Interesting places in Turkey

  Ancient, 360 m long segmental arch bridge  

  Roman bridge near Limyra  
  26 segment arches, today mostly buried  




  The western entrance to the bridge  

The Roman bridge near Limyra (Turkish Kırk Göz Kemeri) is one of the oldest segmental arch bridges in the world. The 360 m long stone bridge crosses the river near the ancient city of Limyra in Lycia Alakır Çayı Its 26 segmental arches are mostly buried today. They have an arrow ratio of 5.3 to 6.4 to 1, which gives the structure an extremely flat profile and was only regained in the late Middle Ages (for example at Ponte Vecchio) at 6.5 to 1.

  The sparse remains of the in ancient times almost 300 meters wide Alakır Çayı  

The ancient name of the river is not known. The local topography is determined by the foothills of the Toçak mountain massif Dağı, which here merge into the shallow alluvial deposits of the Finike Bay. In this transition area, the bridge was built just above the place where the narrow river valley opens to the wide estuary and where floods hinder the crossing during the rainy season.


  viewing direction west  

The ancient road system in Lycia was hardly developed. While the north-south traffic mainly ran over the few river valleys, the west-east routes, unlike today, mostly led over the mountain heights. The route from Limyra via the Alakır Çayı to neighbouring Pamphylia to Attaleia probably played a special role, since both regions together formed the province Lycia et Pamphylia until the 4th century AD.
In comparison to the main arteries of the empire, the road connections in Lycia were much more modest in size (3-4 m wide) and were probably limited to pedestrian and animal traffic. This is also reflected in the fact that the road surface of the bridge near Limyra shows no traces of wagons; even traces of a railing or parapet could not be found on the structure.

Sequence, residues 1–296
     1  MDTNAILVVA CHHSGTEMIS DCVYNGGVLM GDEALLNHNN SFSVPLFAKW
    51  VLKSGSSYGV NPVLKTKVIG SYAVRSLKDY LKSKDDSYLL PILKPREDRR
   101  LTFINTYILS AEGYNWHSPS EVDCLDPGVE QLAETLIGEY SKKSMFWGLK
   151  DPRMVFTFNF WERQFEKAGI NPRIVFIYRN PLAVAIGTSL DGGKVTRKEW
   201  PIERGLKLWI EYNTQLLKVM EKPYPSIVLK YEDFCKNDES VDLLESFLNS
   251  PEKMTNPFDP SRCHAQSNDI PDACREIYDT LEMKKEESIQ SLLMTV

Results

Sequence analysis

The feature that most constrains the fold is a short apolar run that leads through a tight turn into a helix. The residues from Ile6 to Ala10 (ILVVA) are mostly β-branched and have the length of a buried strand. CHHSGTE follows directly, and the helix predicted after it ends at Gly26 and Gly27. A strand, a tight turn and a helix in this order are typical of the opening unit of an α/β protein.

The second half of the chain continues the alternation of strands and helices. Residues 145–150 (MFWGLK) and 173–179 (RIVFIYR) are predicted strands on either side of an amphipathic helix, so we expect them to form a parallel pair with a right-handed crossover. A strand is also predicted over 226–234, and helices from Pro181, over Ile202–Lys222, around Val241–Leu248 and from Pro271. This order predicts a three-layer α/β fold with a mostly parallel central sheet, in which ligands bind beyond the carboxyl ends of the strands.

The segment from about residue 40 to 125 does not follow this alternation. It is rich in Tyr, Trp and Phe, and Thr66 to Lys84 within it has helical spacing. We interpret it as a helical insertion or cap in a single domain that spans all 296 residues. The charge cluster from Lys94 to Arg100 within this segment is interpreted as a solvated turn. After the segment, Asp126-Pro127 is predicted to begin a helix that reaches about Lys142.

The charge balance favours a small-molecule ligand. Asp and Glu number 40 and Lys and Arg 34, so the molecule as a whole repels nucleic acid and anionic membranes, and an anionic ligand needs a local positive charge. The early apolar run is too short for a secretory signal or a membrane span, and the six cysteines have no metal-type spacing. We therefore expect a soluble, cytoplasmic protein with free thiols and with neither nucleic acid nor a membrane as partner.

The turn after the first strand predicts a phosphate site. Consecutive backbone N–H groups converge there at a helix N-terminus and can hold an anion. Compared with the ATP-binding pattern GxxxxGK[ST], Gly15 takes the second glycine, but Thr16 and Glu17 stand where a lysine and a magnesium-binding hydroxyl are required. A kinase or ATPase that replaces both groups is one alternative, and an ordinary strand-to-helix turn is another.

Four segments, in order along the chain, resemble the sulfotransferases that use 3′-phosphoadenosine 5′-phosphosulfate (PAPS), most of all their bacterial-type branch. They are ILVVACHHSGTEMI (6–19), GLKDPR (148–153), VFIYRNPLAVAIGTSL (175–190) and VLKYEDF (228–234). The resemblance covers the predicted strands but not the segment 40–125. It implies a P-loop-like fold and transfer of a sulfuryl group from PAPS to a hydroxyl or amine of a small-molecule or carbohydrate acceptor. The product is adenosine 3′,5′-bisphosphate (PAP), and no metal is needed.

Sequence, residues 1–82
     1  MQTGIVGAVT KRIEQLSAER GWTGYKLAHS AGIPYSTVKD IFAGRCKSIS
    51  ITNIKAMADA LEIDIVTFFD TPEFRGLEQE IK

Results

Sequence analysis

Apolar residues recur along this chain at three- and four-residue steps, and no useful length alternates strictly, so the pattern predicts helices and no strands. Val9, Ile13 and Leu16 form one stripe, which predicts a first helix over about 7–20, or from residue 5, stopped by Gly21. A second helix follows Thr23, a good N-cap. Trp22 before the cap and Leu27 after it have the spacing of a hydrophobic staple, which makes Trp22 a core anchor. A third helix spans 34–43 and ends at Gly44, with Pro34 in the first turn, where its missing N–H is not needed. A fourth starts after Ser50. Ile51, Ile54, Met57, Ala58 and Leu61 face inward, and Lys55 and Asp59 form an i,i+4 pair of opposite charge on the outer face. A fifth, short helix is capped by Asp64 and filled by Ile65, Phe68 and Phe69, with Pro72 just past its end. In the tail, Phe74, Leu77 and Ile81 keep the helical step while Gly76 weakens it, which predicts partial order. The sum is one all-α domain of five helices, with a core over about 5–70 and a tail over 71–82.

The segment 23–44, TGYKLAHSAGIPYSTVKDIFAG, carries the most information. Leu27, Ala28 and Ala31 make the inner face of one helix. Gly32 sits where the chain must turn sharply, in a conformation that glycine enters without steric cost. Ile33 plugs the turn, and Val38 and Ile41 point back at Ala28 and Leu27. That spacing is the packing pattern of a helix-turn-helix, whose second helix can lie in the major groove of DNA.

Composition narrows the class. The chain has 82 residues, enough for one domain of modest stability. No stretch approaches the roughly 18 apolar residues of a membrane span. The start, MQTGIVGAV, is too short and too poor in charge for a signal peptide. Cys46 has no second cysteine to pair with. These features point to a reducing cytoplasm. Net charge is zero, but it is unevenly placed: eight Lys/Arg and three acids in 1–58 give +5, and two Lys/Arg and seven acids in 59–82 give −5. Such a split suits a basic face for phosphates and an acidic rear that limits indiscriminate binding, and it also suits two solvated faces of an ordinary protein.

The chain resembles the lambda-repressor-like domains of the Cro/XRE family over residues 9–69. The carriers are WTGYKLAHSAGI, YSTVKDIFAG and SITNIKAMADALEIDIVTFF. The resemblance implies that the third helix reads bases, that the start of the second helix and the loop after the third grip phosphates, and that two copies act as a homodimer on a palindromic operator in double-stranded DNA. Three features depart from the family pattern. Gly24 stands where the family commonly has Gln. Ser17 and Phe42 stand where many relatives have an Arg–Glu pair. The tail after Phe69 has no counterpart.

viewing direction west  

The first and so far only scientific survey of the bridge was carried out by Wolfgang Wurster and Joachim Ganzert on two consecutive days in September 1973 and was supplemented by further site visits in the following three years. The results were published in the DAI's Archäologischer Anzeiger in 1978, expressly also to draw attention to the increasing threat to the bridge, which had remained almost intact until then: "Recently, citrus plantations have been established in this fertile alluvial land; greenhouses for early vegetables are now being built in the east of the bridge. Due to the beginning of intensive agriculture in the area, the bridge is very much endangered. The residents take stone material from the still intact bridge surface; bulldozers for the construction of irrigation channels tear open the bridge body and crush the stone pavement with their caterpillar tracks".

  Near the eastern end of the bridge  



The chronological classification of the bridge near Limyra is complicated by its exceptional character within the Roman building tradition.

In contrast to the massive and towering semi-circular arch bridges, which were typical of Roman construction techniques, the bridge near Limyra with its flattened segmental arches offers a significantly lower and more elongated appearance, so that at first a late dating of the structure to around the time of Justinian I (6th century) was suggested.

On the other hand, however, since the mixed technique used here was already used for the nearby aqueduct of Aspendos in the 3rd century AD and the Romans were quite familiar with segmental arch bridges, an earlier date of origin at the end of the 2nd or the 3rd century would also be possible. This early dating seems more probable from today's point of view, since seven other segmental arch bridges from the Roman period have been documented in the meantime.


  The eastern end of the bridge  



The bridge crosses the Alakır Çayı 3.2 km east of the ruins of Limyra (measuring point: theatre) and 3.8 km north of the present sea coast near the modern road from Turunçova to Kumluca.
Koordinaten: 36°20'55.9"N 30°12'24.4"E


Sadly, this very special bridge is decaying and is not appreciated by the archaeologists.